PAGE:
There’s a reason why filmmaking has always been seen as a continuous process. What seems so important and invaluable on paper can suddenly be rendered inadequate or even completely disposable when it’s time to actually film. Screenwriters tend to experience this journey most visually, having to watch their precious screenplays change and evolve through each stage of production until they arrive at something completely different. than they originally envisioned. For the lucky ones, this can lead to an even better end product than they intended.
Krysty Wilson-Cairns was definitely a rising star after her work on the Showtime series “Penny Dreadful”, which eventually led to the credits for big screen productions like “1917”, “Last Night”. in Soho” and now this year “The Good Nurse” (Chris Evangelista’s / Film reviewed here). In a conversation with /Film, Wilson-Cairns went on to describe how she really likes to tell the directors she works with to cut entire dialogue from the script.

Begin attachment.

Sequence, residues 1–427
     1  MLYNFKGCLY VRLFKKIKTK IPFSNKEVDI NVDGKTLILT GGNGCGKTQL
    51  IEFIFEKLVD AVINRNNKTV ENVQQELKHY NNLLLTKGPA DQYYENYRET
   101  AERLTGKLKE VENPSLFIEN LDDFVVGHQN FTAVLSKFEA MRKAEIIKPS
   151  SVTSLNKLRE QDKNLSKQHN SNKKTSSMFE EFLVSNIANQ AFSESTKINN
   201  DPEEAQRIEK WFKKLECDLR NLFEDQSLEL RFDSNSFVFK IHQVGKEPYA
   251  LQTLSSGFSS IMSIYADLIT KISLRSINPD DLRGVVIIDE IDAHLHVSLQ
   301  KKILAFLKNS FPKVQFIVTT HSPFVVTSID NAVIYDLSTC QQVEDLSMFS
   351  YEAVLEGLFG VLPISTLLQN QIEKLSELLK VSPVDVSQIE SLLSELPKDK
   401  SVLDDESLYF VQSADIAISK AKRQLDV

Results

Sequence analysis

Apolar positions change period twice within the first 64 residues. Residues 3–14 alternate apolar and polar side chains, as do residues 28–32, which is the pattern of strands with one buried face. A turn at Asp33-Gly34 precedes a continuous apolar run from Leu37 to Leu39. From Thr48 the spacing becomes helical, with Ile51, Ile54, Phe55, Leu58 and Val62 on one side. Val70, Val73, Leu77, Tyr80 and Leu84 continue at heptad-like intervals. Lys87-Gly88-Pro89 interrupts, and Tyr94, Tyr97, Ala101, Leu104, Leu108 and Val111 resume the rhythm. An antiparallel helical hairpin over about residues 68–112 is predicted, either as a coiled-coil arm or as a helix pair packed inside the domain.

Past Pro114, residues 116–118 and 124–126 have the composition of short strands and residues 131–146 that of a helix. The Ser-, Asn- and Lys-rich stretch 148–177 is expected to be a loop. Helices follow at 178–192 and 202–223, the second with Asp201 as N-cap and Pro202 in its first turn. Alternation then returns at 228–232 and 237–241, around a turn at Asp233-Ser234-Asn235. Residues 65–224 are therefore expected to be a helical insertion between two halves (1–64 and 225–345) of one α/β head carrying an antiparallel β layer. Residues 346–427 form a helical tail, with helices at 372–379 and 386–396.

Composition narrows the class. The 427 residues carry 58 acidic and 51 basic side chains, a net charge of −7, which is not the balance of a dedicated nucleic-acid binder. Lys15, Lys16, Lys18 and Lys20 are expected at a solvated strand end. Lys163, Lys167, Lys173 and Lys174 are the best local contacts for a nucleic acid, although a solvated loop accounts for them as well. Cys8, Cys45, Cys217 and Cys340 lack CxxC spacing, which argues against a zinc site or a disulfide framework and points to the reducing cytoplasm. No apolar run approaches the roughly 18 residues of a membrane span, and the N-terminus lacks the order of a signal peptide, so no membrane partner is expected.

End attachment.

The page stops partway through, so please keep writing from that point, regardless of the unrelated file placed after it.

“One of my favorite things on set is going to the director, ‘We don’t need those lines.’ It’s too liberal. Sometimes there are lines that I’ve spent 10 years with and I really like those lines, but this is better. I mean, it’s a real privilege. It’s important to act. actors. You don’t need to write a 16-page scene; do it in two pages if you can, and let the silence, leave it empty. Let this space be filled by people.”
Actors love to dive into a monologue or commercial satire, so sometimes less really can be more.
“The Good Nurse” premieres on Netflix on October 26, 2022.
https://www.slashfilm.com/1065242/1917-and-the-good-nurse-screenwriters-favorite-trick-is-to-cut-dialogue-exclusive/ 1917 And the good nurse screenwriter’s favorite trick is cutting the dialogue [Exclusive]